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twenty. This small circumstantial difference between the Book in, fortune of two men whose pursuits in life were, for a time, Another
so much alike, deserves to be kept in mind, on this account:
Sir Charles lived scarcely long enough to see any fair gist8akd
appreciation of what he had accomplished. Even those whose political sympathies incline them to a belief that Mr. Layard's official services will never suffice to console Englishmen for the interruption of his archaeological services, hope that he may live long enough to enjoy a rich reward for the latter in their yearly-increasing estimation by his countrymen at large. They will delight to see the fervid member for Southwark utterly eclipsed in the fame of the great discoverer of long-entombed Assyria.
Sir Charles Fellows was the son of Mr. John Fellows, thi!
of Nottingham. He was born in 1799. In the year 1837, A».a Minor, he set out upon a long tour in Asia Minor. Archaeological discovery no more formed any part of a preconcerted plan in Mr. Fellows' case than it did, two or three years afterwards, in Mr. Layard's. Both were led to undertake their respective explorations in a way that (for want of a more appropriate word) we are all accustomed to call 'accidental.'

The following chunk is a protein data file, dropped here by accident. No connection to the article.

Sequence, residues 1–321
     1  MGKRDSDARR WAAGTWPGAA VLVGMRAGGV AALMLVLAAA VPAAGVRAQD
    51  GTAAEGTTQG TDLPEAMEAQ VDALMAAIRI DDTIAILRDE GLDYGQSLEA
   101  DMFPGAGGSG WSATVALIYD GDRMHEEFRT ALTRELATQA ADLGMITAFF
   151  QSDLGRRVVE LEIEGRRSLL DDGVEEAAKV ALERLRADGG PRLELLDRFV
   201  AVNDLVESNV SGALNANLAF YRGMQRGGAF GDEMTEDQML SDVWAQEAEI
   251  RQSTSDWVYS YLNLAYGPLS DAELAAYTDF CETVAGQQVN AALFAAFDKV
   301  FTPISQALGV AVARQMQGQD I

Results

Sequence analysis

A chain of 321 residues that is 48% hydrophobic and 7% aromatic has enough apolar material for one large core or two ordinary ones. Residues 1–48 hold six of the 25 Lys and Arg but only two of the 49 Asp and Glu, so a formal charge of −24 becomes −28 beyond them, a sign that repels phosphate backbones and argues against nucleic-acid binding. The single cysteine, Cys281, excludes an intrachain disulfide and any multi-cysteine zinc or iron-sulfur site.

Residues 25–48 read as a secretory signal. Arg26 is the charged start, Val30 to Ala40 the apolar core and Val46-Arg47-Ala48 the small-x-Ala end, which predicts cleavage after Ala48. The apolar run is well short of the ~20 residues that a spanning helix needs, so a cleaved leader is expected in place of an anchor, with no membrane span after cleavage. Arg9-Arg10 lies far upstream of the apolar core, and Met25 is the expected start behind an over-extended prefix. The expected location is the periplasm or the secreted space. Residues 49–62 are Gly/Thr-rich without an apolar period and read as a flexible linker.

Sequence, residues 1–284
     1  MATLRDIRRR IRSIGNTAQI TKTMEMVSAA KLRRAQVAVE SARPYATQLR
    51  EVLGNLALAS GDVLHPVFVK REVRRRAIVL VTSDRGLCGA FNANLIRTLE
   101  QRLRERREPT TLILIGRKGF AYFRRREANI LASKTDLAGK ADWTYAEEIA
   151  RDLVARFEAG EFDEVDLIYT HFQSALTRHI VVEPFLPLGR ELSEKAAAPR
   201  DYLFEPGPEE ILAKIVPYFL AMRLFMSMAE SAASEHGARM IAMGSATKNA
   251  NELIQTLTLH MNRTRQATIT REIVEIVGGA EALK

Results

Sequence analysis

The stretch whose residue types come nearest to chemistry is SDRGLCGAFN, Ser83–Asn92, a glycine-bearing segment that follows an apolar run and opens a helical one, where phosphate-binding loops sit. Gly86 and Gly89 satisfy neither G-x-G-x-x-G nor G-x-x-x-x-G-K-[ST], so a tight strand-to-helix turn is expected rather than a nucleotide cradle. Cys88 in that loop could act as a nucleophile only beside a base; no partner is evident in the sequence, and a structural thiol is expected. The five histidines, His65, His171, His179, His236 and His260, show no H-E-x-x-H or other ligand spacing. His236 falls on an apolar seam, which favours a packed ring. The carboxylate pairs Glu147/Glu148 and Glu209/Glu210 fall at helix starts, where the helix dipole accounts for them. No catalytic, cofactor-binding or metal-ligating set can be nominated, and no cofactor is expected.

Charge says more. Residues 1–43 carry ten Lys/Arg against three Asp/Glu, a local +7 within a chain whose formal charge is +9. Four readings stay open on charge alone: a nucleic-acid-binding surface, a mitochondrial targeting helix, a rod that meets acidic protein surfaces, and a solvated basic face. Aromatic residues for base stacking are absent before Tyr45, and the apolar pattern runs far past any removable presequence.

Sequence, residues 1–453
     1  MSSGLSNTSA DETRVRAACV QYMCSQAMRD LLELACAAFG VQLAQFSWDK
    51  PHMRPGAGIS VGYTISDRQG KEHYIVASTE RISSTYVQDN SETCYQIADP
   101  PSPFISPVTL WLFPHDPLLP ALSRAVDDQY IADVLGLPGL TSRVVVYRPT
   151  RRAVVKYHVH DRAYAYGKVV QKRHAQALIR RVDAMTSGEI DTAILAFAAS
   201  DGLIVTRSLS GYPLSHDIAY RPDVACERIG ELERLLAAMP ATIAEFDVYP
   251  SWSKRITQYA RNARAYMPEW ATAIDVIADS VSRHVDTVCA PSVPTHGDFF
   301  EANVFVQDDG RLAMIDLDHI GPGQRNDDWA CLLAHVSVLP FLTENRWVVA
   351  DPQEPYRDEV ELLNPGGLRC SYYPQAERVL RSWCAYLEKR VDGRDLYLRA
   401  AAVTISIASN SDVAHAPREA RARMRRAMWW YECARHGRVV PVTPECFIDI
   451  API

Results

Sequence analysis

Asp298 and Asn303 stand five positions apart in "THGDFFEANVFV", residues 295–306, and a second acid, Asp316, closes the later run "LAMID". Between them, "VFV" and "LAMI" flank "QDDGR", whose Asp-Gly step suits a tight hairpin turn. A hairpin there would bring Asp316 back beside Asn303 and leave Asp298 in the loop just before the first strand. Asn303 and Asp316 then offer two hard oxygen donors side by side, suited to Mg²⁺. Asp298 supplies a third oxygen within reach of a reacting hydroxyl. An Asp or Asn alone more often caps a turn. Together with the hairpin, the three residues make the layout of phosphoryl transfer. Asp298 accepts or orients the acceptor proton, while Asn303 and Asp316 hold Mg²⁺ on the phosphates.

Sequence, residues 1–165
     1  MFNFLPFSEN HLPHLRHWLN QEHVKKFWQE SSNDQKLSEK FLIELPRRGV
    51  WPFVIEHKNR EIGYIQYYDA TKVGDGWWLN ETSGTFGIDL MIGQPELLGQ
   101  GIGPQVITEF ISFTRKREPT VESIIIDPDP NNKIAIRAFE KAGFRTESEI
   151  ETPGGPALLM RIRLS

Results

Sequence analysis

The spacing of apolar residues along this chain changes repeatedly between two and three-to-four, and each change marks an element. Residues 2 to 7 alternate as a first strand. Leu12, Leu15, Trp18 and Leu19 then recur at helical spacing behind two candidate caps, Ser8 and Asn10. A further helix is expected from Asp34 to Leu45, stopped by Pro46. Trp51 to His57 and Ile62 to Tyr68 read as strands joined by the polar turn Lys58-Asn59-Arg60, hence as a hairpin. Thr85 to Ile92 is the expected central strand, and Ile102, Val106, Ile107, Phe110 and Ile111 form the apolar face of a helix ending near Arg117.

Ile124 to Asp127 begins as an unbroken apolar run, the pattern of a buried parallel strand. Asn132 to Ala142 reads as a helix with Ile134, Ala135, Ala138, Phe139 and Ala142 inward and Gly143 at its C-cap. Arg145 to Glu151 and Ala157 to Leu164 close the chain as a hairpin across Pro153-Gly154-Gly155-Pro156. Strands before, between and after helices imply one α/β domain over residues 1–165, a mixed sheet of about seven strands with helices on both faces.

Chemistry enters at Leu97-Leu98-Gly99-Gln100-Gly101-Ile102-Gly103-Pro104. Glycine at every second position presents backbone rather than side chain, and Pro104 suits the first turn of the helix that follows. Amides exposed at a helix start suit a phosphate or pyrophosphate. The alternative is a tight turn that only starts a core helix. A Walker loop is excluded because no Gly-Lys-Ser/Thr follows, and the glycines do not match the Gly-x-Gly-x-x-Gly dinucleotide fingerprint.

In February, 1838, he found himself at Smyrna. After a good deal of observation of men and manners, he betook himself to an inspection of the buildings. He soon found jom*i that not a little of the modern Smyrna was built out of the ruins of the Smyrna of the old world. Busts, columns,
entablatures, of white marble and of ancient workmanship, pp 8,seqi.
, ...... . . -ii <.eiit-1852)
were everywhere visible, in close admixture with the recently-quarried building-stone of the country and the period. But not only had the old marbles been built into the new edifices; they had been turned into tombstones.
during an Excursion in Asia Minor,
Book III, rimp. IV. Another Group Op Arcii.eoi.oGists AMI Explorers.
Ibid., p. 9.